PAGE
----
Editor's Note: In this contributed interview, Greg Wenzel, Executive Vice President and Lead, Digital Solutions/C4ISR, Strategic Innovation Group, Booz Allen Hamilton discusses the challenges government and military leaders face when procuring command, control, communications, computers, intelligence, surveillance and reconnaissance systems in a changing threat environment.

What are the chief challenges or problems facing C4ISR systems today?

Greg Wenzel: We hear government and military leaders cite several interrelated challenges. First, there's a lack of effective interoperability due to proprietary stovepipes. Second, the systems are not user-friendly, due in part to clunky or non-existent interfaces. The end result is that you have war fighters struggling to monitor multiple screens or communicate using several different radio systems or operate multiple types of proprietary hardware and software systems. Third, C4ISR systems often lack the latest capabilities that may already be commonly available in the commercial sector due to the lengthy acquisition process. On top of that, the insertion of new technologies after fielding can be difficult and costly due to the proprietary nature of so many systems.

Ultimately, C4ISR systems are paying too much for systems that operate below their capabilities due to multiple stovepipes. What we really need is "Integrated C4ISR."

So how do we build or achieve Integrated C4ISR?

Wenzel:  It starts with how we design, build, and field our systems. Our traditional acquisition process—the "big bang" acquisition of independent, proprietary C4ISR systems—was well suited to meet our Cold War requirements when each system was fielded primarily to meet a specific mission need. They were not necessarily designed to interoperate seamlessly with systems outside their mission space.

But the asymmetric mission threats our war fighters are facing have changed dramatically, as has the technical evolution of capabilities in our C4ISR systems. Today, we operate in a digital ecosystem in which war fighters, both in the command centers and on the front lines, have the potential to collect, share and analyze vast amounts of information that can significantly enhance situational awareness, giving the U.S. military unmatched superiority. However, our current acquisition approach prevents us from taking full advantage of the 21st-century digital ecosystem.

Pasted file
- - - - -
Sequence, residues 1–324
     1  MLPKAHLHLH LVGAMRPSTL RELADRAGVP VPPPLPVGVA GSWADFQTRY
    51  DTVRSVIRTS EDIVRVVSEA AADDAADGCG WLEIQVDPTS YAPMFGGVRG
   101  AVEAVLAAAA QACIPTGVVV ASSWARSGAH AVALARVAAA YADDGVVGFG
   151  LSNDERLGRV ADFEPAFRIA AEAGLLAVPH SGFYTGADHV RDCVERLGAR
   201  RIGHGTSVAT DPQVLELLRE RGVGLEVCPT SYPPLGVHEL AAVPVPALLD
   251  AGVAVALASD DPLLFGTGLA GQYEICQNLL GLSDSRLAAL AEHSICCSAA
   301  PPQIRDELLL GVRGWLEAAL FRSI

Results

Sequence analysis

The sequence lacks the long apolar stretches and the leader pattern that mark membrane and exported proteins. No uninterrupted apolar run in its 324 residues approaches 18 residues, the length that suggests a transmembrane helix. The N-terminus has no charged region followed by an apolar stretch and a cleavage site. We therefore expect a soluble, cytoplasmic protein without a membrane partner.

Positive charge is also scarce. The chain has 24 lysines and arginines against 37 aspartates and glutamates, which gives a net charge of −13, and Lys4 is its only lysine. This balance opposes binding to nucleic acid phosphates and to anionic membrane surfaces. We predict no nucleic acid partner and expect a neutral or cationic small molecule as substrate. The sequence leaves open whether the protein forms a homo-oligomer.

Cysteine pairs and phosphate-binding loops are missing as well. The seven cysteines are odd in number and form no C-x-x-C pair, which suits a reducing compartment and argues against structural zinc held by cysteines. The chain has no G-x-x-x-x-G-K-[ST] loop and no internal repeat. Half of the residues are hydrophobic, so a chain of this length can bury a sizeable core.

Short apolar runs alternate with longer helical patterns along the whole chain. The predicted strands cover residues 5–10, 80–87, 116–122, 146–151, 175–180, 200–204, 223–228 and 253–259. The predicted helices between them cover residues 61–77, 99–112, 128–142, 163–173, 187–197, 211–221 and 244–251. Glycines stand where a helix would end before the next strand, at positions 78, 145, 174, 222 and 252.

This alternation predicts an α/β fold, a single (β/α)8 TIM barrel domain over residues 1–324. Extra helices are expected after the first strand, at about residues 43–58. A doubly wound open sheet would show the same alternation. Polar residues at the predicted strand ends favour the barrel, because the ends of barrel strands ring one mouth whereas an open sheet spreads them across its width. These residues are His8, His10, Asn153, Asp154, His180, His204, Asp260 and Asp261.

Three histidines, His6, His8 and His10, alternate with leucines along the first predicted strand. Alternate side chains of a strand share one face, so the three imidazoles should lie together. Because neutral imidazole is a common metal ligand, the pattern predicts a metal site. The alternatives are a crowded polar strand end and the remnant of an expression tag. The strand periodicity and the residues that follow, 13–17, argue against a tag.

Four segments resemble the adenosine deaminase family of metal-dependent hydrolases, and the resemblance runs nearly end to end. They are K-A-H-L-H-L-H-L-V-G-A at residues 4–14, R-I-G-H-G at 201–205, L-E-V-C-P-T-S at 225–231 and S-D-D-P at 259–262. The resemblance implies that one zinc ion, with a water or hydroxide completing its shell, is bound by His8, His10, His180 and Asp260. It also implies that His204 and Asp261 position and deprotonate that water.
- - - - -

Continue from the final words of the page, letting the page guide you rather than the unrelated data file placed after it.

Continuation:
What do you mean by "digital ecosystem"?

Wenzel: Think about modern consumers and how they routinely operate in their personal lives to meet their specific, situational needs. For instance, your consumer might begin the day by using an Open Table app on his smartphone to make a lunch reservation. He walks to the restaurant from work because he is monitoring his exercise and health on his Fitbit app. While walking back to the office, he uses a Will Call app to make reservations to see a play with his spouse. Our consumer uses his Uber app to get from his office to the theater. And on the way home, he uses his NEST app to turn the heat up on the thermostat so their home will be warm when they arrive.

Our consumer can access the data and apps transmitted through emerging technologies because the digital ecosystem is open. Consumers don't need new, proprietary software or hardware to interact with each new application, social media, or other technologies. It's all there at their fingertips. That's the way Integrated C4ISR should operate for our war fighters to significantly improve situational awareness and real-time decision-making.

So how should we go about acquiring and building Integrated C4ISR within an open digital ecosystem?

Wenzel:  Rather than integrating independent and proprietary systems after they are built and fielded, government and military organizations should aim to create Integrated C4ISR in which integration, interoperability and security are designed in from the ground up. To do this, government and military organizations will shift away from proprietary, closed, contractor-owned C4ISR systems to an enterprise architecture that is standards-based, open and government-owned to ensure system interoperability and data integration. This approach calls for the government to develop enterprise blueprints with detailed designs for intersystem interfaces and specifications for a modular, open, government-owned architecture. In addition, as part of their procurement packages, contractors will be required to deliver individual systems that integrate into the overall enterprise environment, similar to the way our consumer apps integrate into our smartphone environment.